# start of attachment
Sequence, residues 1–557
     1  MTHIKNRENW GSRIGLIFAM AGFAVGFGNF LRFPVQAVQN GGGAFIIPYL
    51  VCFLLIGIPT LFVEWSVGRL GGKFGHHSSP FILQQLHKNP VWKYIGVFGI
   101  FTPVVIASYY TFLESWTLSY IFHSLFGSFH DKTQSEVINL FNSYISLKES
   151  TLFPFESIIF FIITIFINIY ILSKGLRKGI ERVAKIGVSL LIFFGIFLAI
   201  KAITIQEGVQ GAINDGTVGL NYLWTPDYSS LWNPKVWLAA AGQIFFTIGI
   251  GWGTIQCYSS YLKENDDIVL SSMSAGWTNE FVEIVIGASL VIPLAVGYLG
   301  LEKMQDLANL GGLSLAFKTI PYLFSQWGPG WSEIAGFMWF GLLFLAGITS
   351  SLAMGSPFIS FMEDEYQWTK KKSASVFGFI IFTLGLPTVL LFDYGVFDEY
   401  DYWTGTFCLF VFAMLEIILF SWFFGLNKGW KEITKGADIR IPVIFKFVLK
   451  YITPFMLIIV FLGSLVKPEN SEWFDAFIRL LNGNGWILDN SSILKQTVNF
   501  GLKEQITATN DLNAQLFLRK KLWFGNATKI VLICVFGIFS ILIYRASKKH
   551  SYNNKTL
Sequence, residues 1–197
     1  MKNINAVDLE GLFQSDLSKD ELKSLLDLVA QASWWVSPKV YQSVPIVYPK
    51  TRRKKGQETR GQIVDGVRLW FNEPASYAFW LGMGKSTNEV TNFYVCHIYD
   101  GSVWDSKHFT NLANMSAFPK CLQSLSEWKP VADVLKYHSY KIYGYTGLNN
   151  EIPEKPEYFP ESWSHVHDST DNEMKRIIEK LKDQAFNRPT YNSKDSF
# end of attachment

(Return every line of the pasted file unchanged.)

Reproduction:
Sequence, residues 1–557
     1  MTHIKNRENW GSRIGLIFAM AGFAVGFGNF LRFPVQAVQN GGGAFIIPYL
    51  VCFLLIGIPT LFVEWSVGRL GGKFGHHSSP FILQQLHKNP VWKYIGVFGI
   101  FTPVVIASYY TFLESWTLSY IFHSLFGSFH DKTQSEVINL FNSYISLKES
   151  TLFPFESIIF FIITIFINIY ILSKGLRKGI ERVAKIGVSL LIFFGIFLAI
   201  KAITIQEGVQ GAINDGTVGL NYLWTPDYSS LWNPKVWLAA AGQIFFTIGI
   251  GWGTIQCYSS YLKENDDIVL SSMSAGWTNE FVEIVIGASL VIPLAVGYLG
   301  LEKMQDLANL GGLSLAFKTI PYLFSQWGPG WSEIAGFMWF GLLFLAGITS
   351  SLAMGSPFIS FMEDEYQWTK KKSASVFGFI IFTLGLPTVL LFDYGVFDEY
   401  DYWTGTFCLF VFAMLEIILF SWFFGLNKGW KEITKGADIR IPVIFKFVLK
   451  YITPFMLIIV FLGSLVKPEN SEWFDAFIRL LNGNGWILDN SSILKQTVNF
   501  GLKEQITATN DLNAQLFLRK KLWFGNATKI VLICVFGIFS ILIYRASKKH
   551  SYNNKTL
Sequence, residues 1–197
     1  MKNINAVDLE GLFQSDLSKD ELKSLLDLVA QASWWVSPKV YQSVPIVYPK
    51  TRRKKGQETR GQIVDGVRLW FNEPASYAFW LGMGKSTNEV TNFYVCHIYD
   101  GSVWDSKHFT NLANMSAFPK CLQSLSEWKP VADVLKYHSY KIYGYTGLNN
   151  EIPEKPEYFP ESWSHVHDST DNEMKRIIEK LKDQAFNRPT YNSKDSF